True Corp reveals charter for ethical AI adoption in Thailand

True Corp reveals charter for ethical AI adoption in Thailand

Thai telco True Corporation has unveiled its strategy for sustainable artificial intelligence (AI) adoption that includes new guidelines for ethical usage of the technology in Thailand.

At its “AI Gets Good” event last week,  True made the case for how organizations and businesses can develop AI use cases and empower an AI-ready workforce whilst keeping high ethical standards in AI usage.

True Corp deputy CEO Sharad Mehrotra stressed that if Thailand wants to reap the promised benefits of AI and machine learning, ethics will be crucial to mitigating the inherent risks, which range from the amount of data being processed, the way it is collected to issues of bias and the impact of decisions made by machines.

“As AI keeps getting better and better at performing a range of tasks, we also need to ensure AI also gets better and better at performing these tasks ethically and safely,” Mehrotra said. “We believe an integrated approach that considers technology, people and ethics is critical for Thailand to harness the power of AI.”

Mehrotra said that ethical principles for AI usage guide should guide business operations to go beyond simply complying to the Personal Data and Protection Act. As an example, True has committed to its own AI charter outlining four principles for ethical usage:

  • Good intent: AI should only be used to benefit humans.
  • Fairness and bias mitigation: AI should not discriminate.
  • Data privacy and AI functionality: Full respect for customer data and the law.
  • Transparency: AI decisions should be explainable.

During a panel discission at the event, Dr. Chaichana Mitrpant, executive director of Electronic Transactions Development Agency (ETDA), commented that organizations need a framework for appropriate and transparent use of AI to minimize risk and adverse impact on users, as well as increase competitiveness and add value to Thailand’s digital economy.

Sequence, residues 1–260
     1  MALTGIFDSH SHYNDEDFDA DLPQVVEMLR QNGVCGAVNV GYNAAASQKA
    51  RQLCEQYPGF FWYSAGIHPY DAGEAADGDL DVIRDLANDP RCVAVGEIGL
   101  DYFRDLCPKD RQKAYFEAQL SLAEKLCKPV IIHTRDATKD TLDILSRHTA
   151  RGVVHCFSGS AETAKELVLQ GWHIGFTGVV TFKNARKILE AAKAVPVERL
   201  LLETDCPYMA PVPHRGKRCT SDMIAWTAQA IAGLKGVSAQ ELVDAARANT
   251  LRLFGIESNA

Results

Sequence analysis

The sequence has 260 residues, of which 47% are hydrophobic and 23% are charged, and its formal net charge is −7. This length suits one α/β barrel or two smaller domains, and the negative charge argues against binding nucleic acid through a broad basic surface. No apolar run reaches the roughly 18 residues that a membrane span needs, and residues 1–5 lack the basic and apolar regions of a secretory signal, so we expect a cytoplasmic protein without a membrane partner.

“We must therefore ensure that the ecosystem for the country’s electronic transactions is reliable, secure, and instills confidence in usage,” he said.

“Artificial intelligence has significant potential to boost productivity and social improvement in Thailand. However, developing and deploying AI systems carelessly may also cause harm,” added Assistant Professor Dr. Jittat Fakcharoenphol, vice-chair of Kasetsart University’s Computer Engineering Department. “Therefore, it is crucial for corporations to adhere to principles like fairness and transparency when investing in AI development for societal benefit.”

True Corp is already using AI and ML in various applications, such as customer service. Currently, agents in True and Dtac shops and call centers use AI-powered solutions that instantly diagnose issues, make more relevant recommendations, and reduce handling times by 35%, Mehrotra said. AI-powered chatbots process 150,000 customer requests per month.

Mehrotra added that AI will enable 100% of True and Dtac shops to go paperless by 2023, and the company is planning to automate all routine tasks by2027.

True is also using ML in its networks to predict usage at individual sites in real time and switch off unused equipment during low-usage times, which reduces energy usage by 10-15%.

Meanwhile, True aims to accelerate AI adoption in Thailand by training “citizen developers” who can digitalize manual processes using simple tools that don’t require much (or any) coding skills. True plans to train up 200 citizen developers by 2027.

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